Love In Our Grief

July 30, 2014 — Leave a comment

The pain of grief is the hardest thing to bear in this life. As a Christian, it tests everything about faith and belief in a loving God. Grief is the ultimate breaking point of complete surrender to all the promises God gives us in the scriptures. It’s like a free fall jump with a net below, where all we can do is trust that the net will hold us in our time of sorrow and unbelievable pain.

This past week I had the privilege of being there for someone in their time of grief. My cousin Susan lost her husband to a sudden heart attack last week. He was only 46 years old. He was a father, a grandfather, a son, a veteran, a police officer but most importantly he was the man who shared my cousin’s life in love and family.

The night before the memorial service I was able to sit with my cousin and just talk about her grief, their life, and the future she would live without the man that she loved. As I sat with her, in the hardest time of her life, I felt the unwavering hope and love of God for Susan and her family. But I also felt complete gratefulness that God was giving me the opportunity to be there for Susan as her cousin and a friend.

God’s timing is impeccable. Several years ago my cousin and I didn’t even really know each other. We didn’t grow up together, never had family reunions to keep in touch, and our lives never connected in any way. It’s unfortunate that family relations are taken for granted out of the sheer absence of not seeing each other or not making the effort to get to know one another.

Susan and I have led very different lives. If you were to put us in a novel her character would probably be the rebel and mine would be the moralist goody two-shoes.  We are very different but we also have so much in common. First, we are family. We share a heritage that is unique in itself. Our great, great-grandfather lived in Tennessee but fought for the Union in the Civil War. We come from a long line of preachers and our own grandmother was best known for her ability to beat down anyone with the power of her Bible in sharing the gospel. (Seriously, I wished we had a videotape of it.)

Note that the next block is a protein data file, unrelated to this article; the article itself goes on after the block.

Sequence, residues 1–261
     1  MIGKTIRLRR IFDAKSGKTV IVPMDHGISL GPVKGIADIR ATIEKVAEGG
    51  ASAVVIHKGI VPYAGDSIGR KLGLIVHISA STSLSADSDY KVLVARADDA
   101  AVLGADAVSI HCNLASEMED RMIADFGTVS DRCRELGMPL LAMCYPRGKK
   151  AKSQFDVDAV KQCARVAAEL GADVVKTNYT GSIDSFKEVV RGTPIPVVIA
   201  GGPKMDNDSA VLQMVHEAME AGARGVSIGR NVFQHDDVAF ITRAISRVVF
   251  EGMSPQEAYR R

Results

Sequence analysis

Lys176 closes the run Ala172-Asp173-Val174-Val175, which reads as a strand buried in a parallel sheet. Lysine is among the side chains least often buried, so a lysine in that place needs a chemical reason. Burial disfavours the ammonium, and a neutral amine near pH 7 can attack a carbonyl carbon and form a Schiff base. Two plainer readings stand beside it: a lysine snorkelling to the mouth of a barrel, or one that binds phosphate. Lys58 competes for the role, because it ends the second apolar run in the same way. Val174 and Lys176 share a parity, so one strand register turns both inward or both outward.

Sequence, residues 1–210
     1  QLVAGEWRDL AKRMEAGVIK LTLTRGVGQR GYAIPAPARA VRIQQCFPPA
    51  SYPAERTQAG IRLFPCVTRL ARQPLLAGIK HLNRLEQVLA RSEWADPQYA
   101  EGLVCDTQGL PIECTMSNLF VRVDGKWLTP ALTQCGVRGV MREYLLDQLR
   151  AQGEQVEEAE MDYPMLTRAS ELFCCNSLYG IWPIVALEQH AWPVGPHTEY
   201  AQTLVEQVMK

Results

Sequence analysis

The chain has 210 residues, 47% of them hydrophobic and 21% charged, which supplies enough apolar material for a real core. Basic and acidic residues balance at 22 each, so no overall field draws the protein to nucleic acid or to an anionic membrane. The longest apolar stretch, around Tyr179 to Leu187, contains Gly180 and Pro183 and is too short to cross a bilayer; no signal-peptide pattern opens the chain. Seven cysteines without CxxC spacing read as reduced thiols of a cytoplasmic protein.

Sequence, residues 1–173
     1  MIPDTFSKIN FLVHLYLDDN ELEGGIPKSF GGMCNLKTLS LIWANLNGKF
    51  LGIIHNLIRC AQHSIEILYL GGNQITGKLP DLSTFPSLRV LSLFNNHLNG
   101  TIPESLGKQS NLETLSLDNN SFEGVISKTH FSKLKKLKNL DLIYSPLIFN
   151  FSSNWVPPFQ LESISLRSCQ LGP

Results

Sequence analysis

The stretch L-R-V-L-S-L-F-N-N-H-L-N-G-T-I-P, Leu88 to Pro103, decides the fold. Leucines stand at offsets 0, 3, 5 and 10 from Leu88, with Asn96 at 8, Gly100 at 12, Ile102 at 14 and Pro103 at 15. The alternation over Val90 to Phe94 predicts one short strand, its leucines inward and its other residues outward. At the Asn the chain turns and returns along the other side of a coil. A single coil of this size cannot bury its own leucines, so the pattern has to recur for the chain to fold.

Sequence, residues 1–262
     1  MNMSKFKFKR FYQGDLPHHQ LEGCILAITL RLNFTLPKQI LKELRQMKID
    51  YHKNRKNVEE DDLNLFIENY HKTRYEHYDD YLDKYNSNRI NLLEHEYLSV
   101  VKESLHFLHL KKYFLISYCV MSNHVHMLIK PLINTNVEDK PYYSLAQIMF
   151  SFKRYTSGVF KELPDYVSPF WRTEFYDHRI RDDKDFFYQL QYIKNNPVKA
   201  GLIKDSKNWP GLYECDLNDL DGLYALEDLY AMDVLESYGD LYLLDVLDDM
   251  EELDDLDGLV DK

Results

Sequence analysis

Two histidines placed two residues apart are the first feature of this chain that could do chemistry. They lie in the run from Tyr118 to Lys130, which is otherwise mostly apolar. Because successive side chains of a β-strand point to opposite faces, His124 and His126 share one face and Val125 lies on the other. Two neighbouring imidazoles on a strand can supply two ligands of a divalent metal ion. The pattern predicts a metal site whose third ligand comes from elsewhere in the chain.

Family heritage binds us together by blood but forming a relationship with her has made us friends. This was why I was so grateful to be able to be there for my cousin in her time of grief. As I sat with her just four days after the death of her husband, I realized how much love God has for the two of us. Here we were, two cousins reunited, from the same family line who have walked very different paths and God was revealing to the both of us his overwhelming love. He was wrapping Susan in all those promises that are given in scripture and he was wrapping me in the knowledge of his grace.

Sitting on that front porch with Susan at the hardest time of her life revealed to me a God who loves us beyond measure. Psalms 37:25 says, “I have not seen the righteous forsaken, nor his seed begging for bread.”

There is no such thing as righteousness in our life stories based on our own merits. The faith we hold in God cannot be tied to our life choices or our family heritage because we have already failed. We are sinners– all of us. I used to think righteousness was about moral laws and pleasing God with the choices I make. That’s not righteousness, that’s obedience.  The promise God gives us in not seeing the “righteous forsaken” is for those who follow Christ. It’s the free fall jump with that leap of faith through every trial and test of this life and knowing that He will catch us no matter what the outcome.  That’s who God calls righteous.

Susan and I have been caught. He’s holding tightly to the both of us and He will not let go. God will heal her heart through this pain. His promises are true. I am grateful for the love and comfort that family can give but I am overwhelmingly in awe of the power of God in our lives despite our life stories.

God took Susan’s husband home early for reasons we may never know here on earth. But if there is one thing I have learned from his death is that loving each other as the body of Christ is what we are called to do. Life can change in an instant. So love your neighbor a little more, reach out to family despite your differences, walk out in obedience to God and reflect the righteousness that only He can bring. He will not let you go!

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